19th International Film Conference
Keynote Speakers: Richard Dyer, Thomas Elsaesser, Gertrud Koch, Gerhard Paul
This conference will explore a point of intersection between the disciplines of film studies and history, focusing on how films generate history visually and auditively, modeling it and making it available to experience. While historians have not engaged in detail with these questions until now, in film studies approaches have been formulated which posit that watching and experiencing film and media images play a key part constructing historical events (Sobchack 1996). In addition, the cinema has been read as a site of historical consciousness that replaces historical depictions of events, making the sensibilities of early periods palpable (Kapelhoff 2008). In recent years, the field of “visual history” has become established as a new realm of research (Paul 2012) that looks at related issues and represents an adaptation of the pictorial turn. While the specific aesthetics of images long remained unnoticed in their historical examination as sources, the historian Gerhard Paul now places this issue consciously at the center of his research.
This represents a possible paradigm shift: away from the dominance of writing and towards the dominance of images, which, according to Paul, is also the result of entirely new possibilities of image research. In this context, comprehensive archives have been established, for example the Visual History Archive of the Shoah Foundation, an impressive example for how the study of recent history can profit from this expansion of the field of historical research.
The auditive level of the moving image has been taken into consideration as well, although the audio history of film has been largely neglected until now. Since the 1980s, sound in film has increasingly become a relevant field of research, but this research remains largely limited to studies of sound aesthetics and the history of sound production or technology. While in some approaches, film sound is explicitly placed in the context of a cultural history of sound recording (Holl 2012), the general meaning of film sound for modeling history and the construction of historical experience is scarcely examined in a thorough way. An exception here is Richard Dyer’s study on the Hollywood career of African American singer Lena Horne, where Dyer places the aesthetic of Horne’s voice in the context of her film and television productions and analyzes her singing and (and sound), regulated by the studio system, from the perspective of cultural history and sociopolitical issues (Dyer 2008). All the same, it should be noted that the auditive level of film in history has found little attention. But here, too, there are approaches that understand visual history in the context of a society of “co-viewers” and, quite expressly, “co-listeners” (Lindenberger 2004).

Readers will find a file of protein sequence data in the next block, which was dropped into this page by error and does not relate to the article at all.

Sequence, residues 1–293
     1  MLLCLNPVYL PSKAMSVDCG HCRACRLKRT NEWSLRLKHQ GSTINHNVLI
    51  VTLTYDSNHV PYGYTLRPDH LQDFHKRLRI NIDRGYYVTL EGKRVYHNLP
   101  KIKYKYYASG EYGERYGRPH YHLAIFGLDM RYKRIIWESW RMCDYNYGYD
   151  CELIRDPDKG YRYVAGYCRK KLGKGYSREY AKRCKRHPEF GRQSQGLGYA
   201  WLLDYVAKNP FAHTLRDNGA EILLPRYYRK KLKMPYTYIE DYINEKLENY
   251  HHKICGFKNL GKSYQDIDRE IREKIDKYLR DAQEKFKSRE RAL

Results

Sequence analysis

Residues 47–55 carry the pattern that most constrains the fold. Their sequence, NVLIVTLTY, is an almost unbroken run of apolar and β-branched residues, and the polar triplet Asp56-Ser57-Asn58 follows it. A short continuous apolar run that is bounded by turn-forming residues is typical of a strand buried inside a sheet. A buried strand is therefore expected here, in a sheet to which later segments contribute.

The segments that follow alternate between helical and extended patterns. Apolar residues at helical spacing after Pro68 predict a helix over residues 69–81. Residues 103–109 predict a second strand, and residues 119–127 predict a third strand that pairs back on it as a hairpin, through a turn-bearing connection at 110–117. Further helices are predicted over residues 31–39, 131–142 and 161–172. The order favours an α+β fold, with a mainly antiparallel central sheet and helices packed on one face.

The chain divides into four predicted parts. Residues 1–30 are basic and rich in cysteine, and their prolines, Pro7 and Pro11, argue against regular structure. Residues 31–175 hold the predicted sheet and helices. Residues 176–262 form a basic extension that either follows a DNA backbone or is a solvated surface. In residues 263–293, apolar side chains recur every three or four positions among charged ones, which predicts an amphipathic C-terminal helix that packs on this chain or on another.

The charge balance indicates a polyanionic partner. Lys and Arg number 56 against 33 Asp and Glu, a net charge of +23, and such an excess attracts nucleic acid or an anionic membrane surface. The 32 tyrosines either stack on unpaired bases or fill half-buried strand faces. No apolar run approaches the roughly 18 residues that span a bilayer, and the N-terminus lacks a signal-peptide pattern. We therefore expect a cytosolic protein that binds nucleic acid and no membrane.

In general, the interpretation of political and historical events has been and is increasingly carried out with the help of film as a medium (Lowry 1991, Paul 2008). Documentary photography and film flank historiography, while fictional films present over and over popular adaptations of historical narrations. Presuming that historical knowledge is constructed in the media (White 1987, Hohenberger/Keilbach 2003), film here functions as an aesthetic and narrative modeling of history; not only does it stage important historic subjects or biographies of historical figures, but also mediates historical knowledge in an audio-visual fashion, in this way creating images of the world and shaping our point of view. Film thus enters into competition with the standard historiography as well as other cultural techniques of memory (Kracauer 1927, Rancière 2003, Paul 2008) and proves to be a significant factor in the competition for interpretive hegemony, until now hardly explored by historians.